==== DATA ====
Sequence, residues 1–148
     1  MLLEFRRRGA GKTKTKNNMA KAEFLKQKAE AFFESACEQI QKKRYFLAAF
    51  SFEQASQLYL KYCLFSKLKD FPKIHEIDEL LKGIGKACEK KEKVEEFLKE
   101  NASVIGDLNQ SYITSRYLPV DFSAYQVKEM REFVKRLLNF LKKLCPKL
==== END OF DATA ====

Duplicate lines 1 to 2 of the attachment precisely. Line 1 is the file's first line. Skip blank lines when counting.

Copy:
Sequence, residues 1–148
     1  MLLEFRRRGA GKTKTKNNMA KAEFLKQKAE AFFESACEQI QKKRYFLAAF